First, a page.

Cord Jefferson Gets it Wrong on Immigration and Black America

James E. Johnson Jr. • Feb 19, 2010

Let’s just say up front I am not sure when Cord Jefferson’s writing is tongue-in-cheek or trying to be serious. Recently, he blogged ‘In Defense of John Edwards’ and talks about why progressives do not have the right to be as upset with Edward’s actions as conservatives, which I am sure was written with tongue firmly planted in cheek. His latest blog in The Root, ‘How Illegal Immigration Hurts Black America’ Jefferson liberally mixes fact and fiction to weave his tale.

Jefferson brilliantly ignores his own sources or twists them like pretzels to craft his fictional piece so that it has the feel of legitimacy.

1.  He conveniently ignores an entire paragraph in the referenced Washington Post article which explains why there is higher unemployment by young Blacks such as Dlonta Spriggs. “Traditionally the last hired and first fired, workers in Spriggs’s age group have taken the brunt of the difficult economy, with cost-conscious employers wiping out the very apprenticeship, internship and on-the-job-training programs that for generations gave young people a leg up in the work world or a second chance when they made mistakes. Moreover, this generation is being elbowed out of entry-level positions by older, more experienced job seekers on the unemployment rolls who willingly trade down just to put food on the table.”

2. He also links to a NY Times article, but fails to highlight the following: “Hispanic immigrants had a bigger drop in jobs from 2007 to 2008, although black workers continued to have the highest unemployment rate, according to the Bureau of Labor Statistics.” The article states the job loss by Hispanic foreign-born workers declined by 4.8% compared to 2.1% for Blacks.

3. His blog suggests that undocumented immigrants make more than African Americans when he states that the median household income of African Americans in 2007 was lower than undocumented immigrants’ median household income for the same year, $32,000 versus $37,000 by his account. But he fudges the data by taking Census Bureau figures for African Americans in 2006 and figures from the Pew Hispanic Center figures for unauthorized immigrant for 2007 (they note unauthorized immigrant income at $36,000). The Pew report also states undocumented immigrants make approximately $14,000 per year less than the median household income of U.S. born residents.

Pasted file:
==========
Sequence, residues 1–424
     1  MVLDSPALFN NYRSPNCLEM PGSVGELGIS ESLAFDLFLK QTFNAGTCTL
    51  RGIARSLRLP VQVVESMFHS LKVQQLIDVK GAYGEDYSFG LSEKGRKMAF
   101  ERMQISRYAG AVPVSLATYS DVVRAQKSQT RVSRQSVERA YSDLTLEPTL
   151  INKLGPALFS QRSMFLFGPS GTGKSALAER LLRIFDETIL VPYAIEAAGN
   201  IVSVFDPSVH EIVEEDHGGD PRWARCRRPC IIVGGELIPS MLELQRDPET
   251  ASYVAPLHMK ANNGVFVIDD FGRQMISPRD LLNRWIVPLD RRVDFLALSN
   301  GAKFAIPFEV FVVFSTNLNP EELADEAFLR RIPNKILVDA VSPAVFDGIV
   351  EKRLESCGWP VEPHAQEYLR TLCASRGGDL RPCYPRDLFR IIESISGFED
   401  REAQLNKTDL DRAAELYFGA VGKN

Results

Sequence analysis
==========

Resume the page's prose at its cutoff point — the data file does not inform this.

4. I became a bit confused when Jefferson threw in the fact of historical discrimination in hiring practices by employers towards Blacks. ‘Besides competing for work while simultaneously attempting to avoid drastically deflated paychecks and benefits, unemployed African- American job seekers must also frequently combat racial discrimination. In a 2006 research paper called “Discrimination in Low-Wage Labor Markets,” a team of Princeton sociologists discovered that, all else being equal, black applicants to low-wage jobs were 10 percent less likely than Latinos to receive positive responses from potential employers. Furthermore, employers were twice as likely to prefer white applicants to equally qualified blacks.’ Is he trying to say that the employers are all undocumented immigrants?

It is not surprising that Jefferson turns to Mark Krikorian (who thinks that Haitians were not colonized long enough before they overthrow their slave masters in their revolution for independence), of the John Tanton Network’s think-tank Center for Immigration Studies for help in blaming immigrants as what ails Black America. As some Center for Immigration Studies reports have also been called in to question for not telling the truth, the whole truth and nothing but the truth. The Tanton Network has long tried to drive a wedge between Blacks and Latinos in an effort to advance its extremists views on immigration.

One would hope that Mr. Jefferson will write a serious blog that really discusses ways to help reduce the level of unemployment and underemployment among America’s Blacks. One in which he quits blaming those least responsible and starts talking about the real issues that are at the root of the problem: discriminatory hiring practices that lock Blacks out of jobs and advancement, poor educational systems that reduce employment opportunities, outsourcing of jobs historically held by Blacks to other countries, and labor laws that make it more difficult for workers to organize unions to help protect their wages and benefits.

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